April 30, 2008
War And Taxes
It is ironic that the country which now compels Americans to spend billions of tax dollars first invented tax. The first recorded tax began six thousand years ago on a fertile plain between the Tigris and Euphrates rivers (now part of modern Iraq). Inscriptions on clay stones excavated at Lagash revealed not only the existence of a tax but why: to pay for a ferocious war.
Death and taxes -- more specifically, war and taxes -- are often linked. The first English income tax came about in 1798 under Prime Minister William Pitt. It was as popular as Brian Mulroney's 1980s-era introduction of the GST. In 1799, a naval officer described Pitt's new tax in this manner: "It is a vile, Jacobin, jumped-up Jack-in-Office piece of impertinence -- is a true Briton to have no privacy? Are the fruits of his labour and toil to be picked over, farthing by farthing, by the pimply minions of bureaucracy?"
The English income tax was disliked. It also provided a third of the additional revenue for the war with France and is cited as a key factor in England's victory. (Napoleon refused to enact a similar levy.) Pitt's impost was repealed in 1802. It was an exception to the rule that wars come and go but war-induced taxes stay. A modified version from his successor was cancelled at the end of hostilities in 1815. It cropped up again in 1842.
In Canada, our first tax was an export levy on beaver and moose pelts in pre-Confederation New France, in 1650. Tax historian J. Harvey Perry discovered that the colony of Nova Scotia imposed the first version of modern income tax, a temporary poll tax, in 1775. It existed for one year and was graduated according to income. Post-Confederation, the first province to tax income was British Columbia in 1876.
The first federal income tax was enacted to finance Canada's participation in the First World War. But Conservative Finance Minister Sir Thomas White resisted imposing it for several years.
Instead, in his 1914 and 1915 budgets, he first increased tariffs on coffee, sugar, spirits, tobacco and other products.
When the war lasted longer than anyone thought possible, Dominion government policy changed and the federal income tax was introduced in 1917.
The basic exemption was set at $1,500, or $22,223 in today's dollars. The Finance Minister didn't promise that federal income tax would be removed; White did advise that "a year or two after the war is over," the government of the day should review it.
Canadian taxes are surrounded by myths and conspiracy theories. One is that federal income tax is illegal, unconstitutional or only allowed to the provinces. It's all nonsense and proponents misinterpret the Constitution, the laws and court judgments. But plenty of charlatans have made money over the years claiming federal income tax is unconstitutional.
Other misperceptions exist. Think Canada always had higher taxes than the United States? Not so. Tax historian Irwin Gillespie notes that for at least the first half-century after Confederation, Dominion governments deliberately kept Canadian taxes lower than those in the United States. Two reasons stand out: they thought high taxes fundamentally unfair and they wanted to attract immigrants and business to Canada.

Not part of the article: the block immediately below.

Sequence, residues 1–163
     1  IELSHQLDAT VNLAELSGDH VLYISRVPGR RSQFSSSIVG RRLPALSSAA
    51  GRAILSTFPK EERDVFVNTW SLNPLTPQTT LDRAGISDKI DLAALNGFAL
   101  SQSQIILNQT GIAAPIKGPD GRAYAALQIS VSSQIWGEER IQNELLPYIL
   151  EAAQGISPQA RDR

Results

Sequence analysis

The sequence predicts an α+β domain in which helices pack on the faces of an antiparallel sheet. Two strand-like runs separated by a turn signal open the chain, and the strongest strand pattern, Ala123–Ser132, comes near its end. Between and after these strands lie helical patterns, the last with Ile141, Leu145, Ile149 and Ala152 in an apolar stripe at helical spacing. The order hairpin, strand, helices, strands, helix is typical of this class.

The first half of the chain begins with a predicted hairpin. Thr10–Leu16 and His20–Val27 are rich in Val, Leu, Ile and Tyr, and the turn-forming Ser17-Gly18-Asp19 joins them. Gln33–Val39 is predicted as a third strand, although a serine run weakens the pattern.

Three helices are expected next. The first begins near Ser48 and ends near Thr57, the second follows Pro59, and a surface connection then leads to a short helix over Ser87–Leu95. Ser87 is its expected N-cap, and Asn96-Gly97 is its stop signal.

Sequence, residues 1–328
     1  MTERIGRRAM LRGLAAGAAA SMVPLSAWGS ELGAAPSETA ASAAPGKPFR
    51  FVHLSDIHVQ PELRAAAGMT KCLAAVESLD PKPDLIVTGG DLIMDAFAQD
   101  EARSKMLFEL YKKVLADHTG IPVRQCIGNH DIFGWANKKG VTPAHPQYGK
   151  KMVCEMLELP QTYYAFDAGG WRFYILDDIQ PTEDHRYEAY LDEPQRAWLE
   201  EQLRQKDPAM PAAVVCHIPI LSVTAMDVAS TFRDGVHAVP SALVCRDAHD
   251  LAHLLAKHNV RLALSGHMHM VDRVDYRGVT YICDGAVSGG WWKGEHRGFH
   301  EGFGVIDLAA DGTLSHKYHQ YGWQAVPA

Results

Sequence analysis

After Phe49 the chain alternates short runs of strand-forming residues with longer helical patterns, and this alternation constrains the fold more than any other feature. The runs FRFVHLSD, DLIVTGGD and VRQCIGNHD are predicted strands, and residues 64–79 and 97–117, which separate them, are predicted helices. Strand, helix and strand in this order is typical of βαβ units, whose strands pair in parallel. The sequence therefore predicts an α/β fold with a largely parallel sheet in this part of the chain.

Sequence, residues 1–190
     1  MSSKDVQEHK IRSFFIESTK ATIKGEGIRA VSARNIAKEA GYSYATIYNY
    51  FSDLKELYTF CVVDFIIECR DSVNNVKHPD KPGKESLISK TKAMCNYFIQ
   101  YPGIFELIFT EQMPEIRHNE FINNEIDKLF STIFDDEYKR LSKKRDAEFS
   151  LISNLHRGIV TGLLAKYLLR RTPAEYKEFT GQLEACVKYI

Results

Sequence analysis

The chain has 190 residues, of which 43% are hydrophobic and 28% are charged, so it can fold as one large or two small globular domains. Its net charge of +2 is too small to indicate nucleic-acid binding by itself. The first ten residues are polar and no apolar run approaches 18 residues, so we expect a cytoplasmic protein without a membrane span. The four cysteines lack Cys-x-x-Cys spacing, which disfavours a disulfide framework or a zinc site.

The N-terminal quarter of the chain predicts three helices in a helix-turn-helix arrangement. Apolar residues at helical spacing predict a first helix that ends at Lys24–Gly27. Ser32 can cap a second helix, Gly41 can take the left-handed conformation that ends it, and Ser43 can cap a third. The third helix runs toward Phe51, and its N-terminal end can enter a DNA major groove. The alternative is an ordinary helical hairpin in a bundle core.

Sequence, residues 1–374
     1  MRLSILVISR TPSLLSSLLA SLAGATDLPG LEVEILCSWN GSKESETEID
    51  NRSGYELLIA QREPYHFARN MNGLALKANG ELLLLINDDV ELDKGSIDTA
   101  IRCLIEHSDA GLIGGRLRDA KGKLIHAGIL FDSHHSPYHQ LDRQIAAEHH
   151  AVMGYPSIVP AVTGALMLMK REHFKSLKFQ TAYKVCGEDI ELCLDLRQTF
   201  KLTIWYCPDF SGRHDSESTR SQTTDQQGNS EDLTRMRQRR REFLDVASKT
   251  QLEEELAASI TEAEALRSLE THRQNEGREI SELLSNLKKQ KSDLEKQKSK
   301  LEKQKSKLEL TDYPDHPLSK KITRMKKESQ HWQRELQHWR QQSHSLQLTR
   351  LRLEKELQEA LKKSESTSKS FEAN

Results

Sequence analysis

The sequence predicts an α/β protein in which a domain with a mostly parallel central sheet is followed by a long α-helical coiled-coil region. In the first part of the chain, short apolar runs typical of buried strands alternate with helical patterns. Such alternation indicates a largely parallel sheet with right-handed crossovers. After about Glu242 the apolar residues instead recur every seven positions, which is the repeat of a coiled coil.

Also unknown to most modern-day tax-filers: The U.S. taxed many incomes and items long before Canadian governments; our governments only later copied the American examples and in some cases U.S. tax legislation. The American federal income tax began 56 years before ours. It started in 1861 during the U.S. Civil War; it was later stopped and re-started again in 1914.
Similarly, U.S. states taxed corporate income, estate wealth and gasoline, and also introduced general sales tax prior to Canadian provincial governments taking such measures. But when our politicians travelled down that U.S.-blazed road, apparently Alberta led the way: before any other province, it was Alberta that first taxed gasoline (in 1922) and also imposed a general provincial sales tax (in 1936).
Back to the world's first tax: it remained even after the battles that birthed it had stopped. Apparently the locals in Sumer were unhappy about the extension. They would understand Canadians who thought, incorrectly, our income tax would end with the First World War. That war ended 90 years, five months, and 16 days ago.
On that topic, you have three days to file your latest federal income tax form.
Mark Milke, Alberta Senior Fellow
is a lecturer in political philosophy and international relations at the University of Calgary, a doctoral candidate in Political Science, policy analyst, and author of three books on Canadian politics, including the 2006 A Nation of Serfs? How Canada’s Political Culture Corrupts Canadian Values from John Wiley & Sons. He is a former director (first in Alberta and then British Columbia) with the Canadian Taxpayers Federation 1997-2002. Since 2002, among other work, Mark has written policy papers on the Canada Pension Plan, Alberta’s Heritage Fund, automobile insurance, corporate welfare and the flat tax. He is writing his PhD dissertation on the effects of anti-Americanism on deliberative democracy in Canada and is a Sunday columnist for the Calgary Herald. In addition, his columns on politics, hiking, nature and architecture have been published across Canada including in the National Post, Globe and Mail, Reader’s Digest, The Western Standard, Vancouver Sun, and Victoria Times Colonist and the Washington DC magazine on politics, The Weekly Standard.